That Was Apparently A REALLY Long Day
Request Vacation Time: You have zero hours available
Well, that couldn’t be right. My daughter was going to be very disappointed.
My company takes a unique view of time off. I don’t have vacation days and sick days. I have a set number of personal time hours for the year. I can take them for vacation, sick time, or anything else.
Being a company that is largely made up of hourly employees, our benefits have a decidedly “hourly” bias. As a salaried employee, all of my vacation requests are in 8 hour blocks. I don’t have the option of taking less vacation time. Yes, I understand this is a benefit for me. If I come into work and need to leave early, I get paid for the whole day. Of course, if I get called on the weekend for the outage, I don’t get any extra pay either, so it’s a trade off.
I’ve always thought offering a block of time for time off was a better way to handle vacation/sick time. If I work for a company with a traditional vacation time/sick time split and I decide I need a “personal” day is that a vacation day or a sick day? As far as my employer is concerned, it doesn’t matter. I’m not at my desk working.
Because the amount of personal time I have access to is both sick and vacation time, it’s a fairly generous number. If you’ve followed this blog this year, you know that I’ve spent a lot of time off hiking and camping this summer. Much of the weekend campouts have started Friday after work. But, I spent a week in Colorado rafting with my older boys. I also spent a week at scout camp. Plus some other campouts at other times during the summer.
In addition to a generous number of personal hours, there is one other aspect of my time off that is unique to my current employer. They give me all my personal time off at the beginning of the year. And at the end of the year, they throw away anything I have left.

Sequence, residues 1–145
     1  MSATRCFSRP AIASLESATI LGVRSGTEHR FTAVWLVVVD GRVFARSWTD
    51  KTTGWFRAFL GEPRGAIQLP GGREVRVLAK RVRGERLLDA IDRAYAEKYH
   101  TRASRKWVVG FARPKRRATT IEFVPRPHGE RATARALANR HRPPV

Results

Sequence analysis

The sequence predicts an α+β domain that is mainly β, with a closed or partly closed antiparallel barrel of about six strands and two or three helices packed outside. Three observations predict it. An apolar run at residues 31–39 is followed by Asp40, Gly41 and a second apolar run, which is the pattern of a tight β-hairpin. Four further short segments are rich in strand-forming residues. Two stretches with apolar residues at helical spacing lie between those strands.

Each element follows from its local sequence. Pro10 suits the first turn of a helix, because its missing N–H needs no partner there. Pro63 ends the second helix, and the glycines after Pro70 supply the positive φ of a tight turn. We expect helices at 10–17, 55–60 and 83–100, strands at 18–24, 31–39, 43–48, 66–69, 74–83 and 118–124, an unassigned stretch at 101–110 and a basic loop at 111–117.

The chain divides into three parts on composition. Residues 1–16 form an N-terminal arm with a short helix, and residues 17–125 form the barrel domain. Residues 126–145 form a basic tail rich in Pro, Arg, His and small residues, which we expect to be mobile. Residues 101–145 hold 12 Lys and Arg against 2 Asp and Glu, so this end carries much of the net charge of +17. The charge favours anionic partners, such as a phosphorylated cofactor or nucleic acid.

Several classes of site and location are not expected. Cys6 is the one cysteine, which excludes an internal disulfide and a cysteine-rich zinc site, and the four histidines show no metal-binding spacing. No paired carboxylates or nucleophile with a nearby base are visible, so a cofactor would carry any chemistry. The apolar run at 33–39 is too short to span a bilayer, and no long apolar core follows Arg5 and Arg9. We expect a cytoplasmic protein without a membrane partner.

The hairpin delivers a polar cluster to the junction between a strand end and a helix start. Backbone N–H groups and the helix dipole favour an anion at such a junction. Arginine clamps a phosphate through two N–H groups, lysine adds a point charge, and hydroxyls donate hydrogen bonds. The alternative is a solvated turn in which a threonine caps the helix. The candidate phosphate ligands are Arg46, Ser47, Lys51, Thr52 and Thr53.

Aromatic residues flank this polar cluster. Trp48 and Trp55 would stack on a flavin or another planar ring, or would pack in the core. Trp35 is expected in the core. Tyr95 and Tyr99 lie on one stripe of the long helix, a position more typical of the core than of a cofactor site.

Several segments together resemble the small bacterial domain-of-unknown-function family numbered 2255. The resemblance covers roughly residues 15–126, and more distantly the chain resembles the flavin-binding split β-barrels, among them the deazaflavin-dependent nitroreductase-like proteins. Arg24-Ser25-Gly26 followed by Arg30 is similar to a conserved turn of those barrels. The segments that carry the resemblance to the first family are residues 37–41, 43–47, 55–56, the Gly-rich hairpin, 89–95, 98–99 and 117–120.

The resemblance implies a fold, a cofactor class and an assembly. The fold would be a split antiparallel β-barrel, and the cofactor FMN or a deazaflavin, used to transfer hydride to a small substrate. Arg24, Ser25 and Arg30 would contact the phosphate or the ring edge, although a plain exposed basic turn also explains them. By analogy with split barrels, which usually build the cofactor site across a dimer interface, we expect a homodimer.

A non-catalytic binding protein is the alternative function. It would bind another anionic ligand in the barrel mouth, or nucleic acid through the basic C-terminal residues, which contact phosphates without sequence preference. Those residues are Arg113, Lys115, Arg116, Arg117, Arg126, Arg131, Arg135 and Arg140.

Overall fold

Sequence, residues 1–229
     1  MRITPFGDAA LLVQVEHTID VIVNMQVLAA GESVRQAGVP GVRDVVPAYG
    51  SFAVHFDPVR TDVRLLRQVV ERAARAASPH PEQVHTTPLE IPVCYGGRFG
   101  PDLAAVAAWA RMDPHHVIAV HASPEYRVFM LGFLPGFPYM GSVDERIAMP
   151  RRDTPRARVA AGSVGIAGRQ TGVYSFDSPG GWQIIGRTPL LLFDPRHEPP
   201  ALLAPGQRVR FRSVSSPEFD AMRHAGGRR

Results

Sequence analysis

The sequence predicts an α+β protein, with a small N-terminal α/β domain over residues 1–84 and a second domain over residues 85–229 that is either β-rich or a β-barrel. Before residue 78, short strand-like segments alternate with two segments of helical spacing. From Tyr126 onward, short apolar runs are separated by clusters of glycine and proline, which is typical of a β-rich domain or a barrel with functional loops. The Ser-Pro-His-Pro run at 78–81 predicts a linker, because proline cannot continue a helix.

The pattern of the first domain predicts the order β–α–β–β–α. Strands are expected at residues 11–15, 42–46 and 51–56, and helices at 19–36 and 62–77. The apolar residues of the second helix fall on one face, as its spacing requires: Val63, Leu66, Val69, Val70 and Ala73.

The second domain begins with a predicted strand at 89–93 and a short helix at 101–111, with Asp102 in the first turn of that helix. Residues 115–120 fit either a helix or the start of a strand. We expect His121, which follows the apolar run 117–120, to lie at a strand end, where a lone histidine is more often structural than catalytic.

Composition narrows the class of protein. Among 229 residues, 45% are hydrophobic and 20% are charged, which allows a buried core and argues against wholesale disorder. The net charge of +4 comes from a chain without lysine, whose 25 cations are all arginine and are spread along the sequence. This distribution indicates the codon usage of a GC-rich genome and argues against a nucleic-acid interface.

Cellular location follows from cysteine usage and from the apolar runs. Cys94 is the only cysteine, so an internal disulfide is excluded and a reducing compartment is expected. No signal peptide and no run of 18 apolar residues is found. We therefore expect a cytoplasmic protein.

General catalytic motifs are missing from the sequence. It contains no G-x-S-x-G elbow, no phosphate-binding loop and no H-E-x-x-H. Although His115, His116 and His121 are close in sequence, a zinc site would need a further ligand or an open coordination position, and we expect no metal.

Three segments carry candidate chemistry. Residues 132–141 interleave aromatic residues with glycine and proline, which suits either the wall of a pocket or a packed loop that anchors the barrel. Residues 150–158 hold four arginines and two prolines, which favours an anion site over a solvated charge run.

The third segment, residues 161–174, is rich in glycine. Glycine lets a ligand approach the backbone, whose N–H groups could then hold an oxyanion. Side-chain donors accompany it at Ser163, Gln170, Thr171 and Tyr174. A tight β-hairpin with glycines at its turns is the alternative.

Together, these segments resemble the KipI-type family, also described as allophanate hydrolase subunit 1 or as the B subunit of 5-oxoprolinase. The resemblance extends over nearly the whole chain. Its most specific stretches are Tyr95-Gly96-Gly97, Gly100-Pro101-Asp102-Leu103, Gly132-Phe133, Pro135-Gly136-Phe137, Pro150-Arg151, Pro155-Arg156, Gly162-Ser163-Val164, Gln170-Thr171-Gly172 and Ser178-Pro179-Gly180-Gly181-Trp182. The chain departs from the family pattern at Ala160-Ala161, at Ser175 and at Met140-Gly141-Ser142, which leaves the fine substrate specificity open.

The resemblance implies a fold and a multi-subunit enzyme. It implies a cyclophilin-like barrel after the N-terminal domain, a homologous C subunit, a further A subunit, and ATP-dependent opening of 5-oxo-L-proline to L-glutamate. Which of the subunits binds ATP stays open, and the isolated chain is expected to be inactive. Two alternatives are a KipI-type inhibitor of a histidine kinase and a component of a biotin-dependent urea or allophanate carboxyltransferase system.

After scout camp in July, I had three days of personal time left. Actually, I had 24 hours. But, like I said, I have to take them in 8 hour blocks. I knew I was going to want some of those days and need some. This weekend is an “I need” time off. My daughter is getting married on Saturday.
Mormon weddings are typically a two day affair. The weddings (called Sealings in Mormon vernacular) take place in the LDS Temple. If you’ve ever been to Salt Lake City chances are you’ve seen the LDS Temple.
(Photo Credit: http://www.lds.org)
There are about 140 of these temples around the world. My daughter will be married in the Mt Timpanogos temple. (Yes, the same name as the mountain I climbed last month.)
(The mountain ^^^. . . .The temple \/ \/ \/)
(Photo credit: http://www.lds.org)
The day before the wedding, Mormon brides generally go through a temple ceremony called the “Endowment.” The details are private, but it’s an introduction to spiritual ideas and represents the most sacred ceremony in the LDS culture, except for the sealing ceremony. Active LDS family members typically accompany people going through the temple for the first time. That’s me, father of the bride. I really want to be in that ceremony.
So, what happened to my three days? I started digging through our online benefits portal. I finally found the page that shows my vacation days requests. Sure enough there were all those camping trips in a table. Each day had an “8 hour” total, except for the last one. Sept 1, 2015 I was apparently granted 24 hours of personal time off. Weird. I didn’t request time off for that Tuesday. I distinctly remember working that day. And it seems a little harsh to bill me for 24 hours of vacation time rather than the traditional 8 hours.
A quick email to HR and cc:ing my manager and I’m back on track for getting to spend Friday with my daughter as she prepares for her wedding.
I did briefly consider how awesome a vacation day would need to be to justify taking 24 hours of time off. I’m pretty sure that no matter how awesome it would be, it wouldn’t compare with getting to go through the temple with my little girl.
Not even close.
Rodney M Bliss is an author, columnist and IT Consultant. His blog updates every weekday at 7:00 AM Mountain Time. He lives in Pleasant Grove, UT with his lovely wife, thirteen children and grandchildren.
(c) 2015 Rodney M Bliss, all rights reserved